Interview: Prof. Tanja-Masson Zwaan, Deputy Director, International Institute of Air and Space Law, Leiden University

Prof. Tanja Masson-Zwaan is Assistant Professor and Deputy Director of the International Institute of Air and Space Law at Leiden University. Tanja has specialised in the field of air and space law since 25 years. She is the President of the International Institute of Space Law since 2007 and has published papers on a variety of topics over the years.  In August 2012, she was appointed by the Dutch Government as an Arbitrator with the Permanent Court of Arbitration in The Hague in the framework of the Optional Rules for Arbitration of Disputes Relating to Outer Space Activities.Read More »

Air Defense Identification Zones & China: What does International Law Say?

By Sarthak Malhotra

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Senkaku Islands. Credits: Kyodo News, via Associated Press

As the time for South China Sea arbitration ruling comes closer, the foreign policy circles, including those of countries like the United States of America, are witnessing increasing discussions on the issue of China using a negative ruling as a pretext to declare an air defense identification zone (ADIZ) in the South China Sea.[1] Interestingly, the United States was the first country to set up an ADIZ in 1950 during the Cold War era.

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IATA Conditions of Contract and Carriage (Passengers And Baggage): A Constant Tussle between Regulatory Authorities and Airlines

 By Rishiraj Baruah *

  1. Introduction

International Air Transport Association (IATA) is a private international organization; whose members are airlines, specifically composed of the scheduled airlines of the world.[1] While, it is a private corporate body incorporated according to Canadian Law with its headquarters in Montreal, it performs functions which are ‘quasi- public’ in nature.[2] It is termed as quasi-public because half of its members are either State-owned airlines or are de facto controlled by States which logically, means that mostly members are either controlled or supervised by their respective states and conduct operations according to the will of their governments.[3]Read More »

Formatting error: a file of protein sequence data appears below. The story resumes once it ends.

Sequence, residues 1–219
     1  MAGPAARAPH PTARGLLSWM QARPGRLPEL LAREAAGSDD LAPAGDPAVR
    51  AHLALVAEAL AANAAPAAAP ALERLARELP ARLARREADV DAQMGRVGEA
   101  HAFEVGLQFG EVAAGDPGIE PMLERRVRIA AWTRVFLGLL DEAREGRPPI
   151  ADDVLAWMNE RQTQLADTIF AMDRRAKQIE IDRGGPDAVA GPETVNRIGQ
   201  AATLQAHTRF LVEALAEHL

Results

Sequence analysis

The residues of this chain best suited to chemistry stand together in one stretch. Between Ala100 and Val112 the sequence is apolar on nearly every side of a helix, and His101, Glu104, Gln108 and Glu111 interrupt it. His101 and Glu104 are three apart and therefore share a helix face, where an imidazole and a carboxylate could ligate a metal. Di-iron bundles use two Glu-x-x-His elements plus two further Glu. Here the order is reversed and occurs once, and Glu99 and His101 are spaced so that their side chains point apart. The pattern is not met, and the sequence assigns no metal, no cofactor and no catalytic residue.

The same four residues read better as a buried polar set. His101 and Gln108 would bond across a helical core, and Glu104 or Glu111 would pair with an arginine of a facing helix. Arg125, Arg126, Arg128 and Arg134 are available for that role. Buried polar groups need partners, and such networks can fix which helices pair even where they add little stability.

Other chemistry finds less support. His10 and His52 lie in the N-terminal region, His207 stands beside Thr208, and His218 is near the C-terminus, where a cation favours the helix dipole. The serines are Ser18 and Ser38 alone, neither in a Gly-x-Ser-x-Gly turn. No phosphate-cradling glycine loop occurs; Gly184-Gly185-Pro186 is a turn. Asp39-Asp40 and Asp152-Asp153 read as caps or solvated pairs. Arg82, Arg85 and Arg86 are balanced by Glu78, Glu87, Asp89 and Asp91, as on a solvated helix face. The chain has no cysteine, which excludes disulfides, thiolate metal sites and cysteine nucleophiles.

The Shooting of MH17: Is international law failing?

By Rishiraj Baruah*

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The wreckage of Malaysia Airlines Flight 17 near the village of Hrabove, eastern Ukraine. (AP Photo/Evgeniy Maloletka)

The Malaysian Airlines flight MH17 from Amsterdam to Kuala Lampur, flying at 33,000 feet, was shot down in the Donetsk Oblast in Eastern Ukraine on 17th July 2014. All passengers and crew on board were killed instantly as the aircraft broke in-flight and its remnants subsequently crashed on ground.[1] The civilian aircraft was allegedly shot down using surface to air missiles (SAM) by pro-Russian separatists in Ukraine, however the separatists and Russia claims to the contrary. Following this human tragedy of shooting down MH17, there was much international hue and cry over Russian responsibility for the act due to its alliance with the separatist forces in Donetsk Oblast.[2] However, state responsibility under international law is not so simple as it seems. I would firstly, examine hereinafter whether Russia could be held responsible for the shooting down of MH17 by the separatist forces and thenceforth evaluate the public air law response to this tragedy. The reason for such an approach is the lex generalis nature of public international law and public air law being lex specialis.Read More »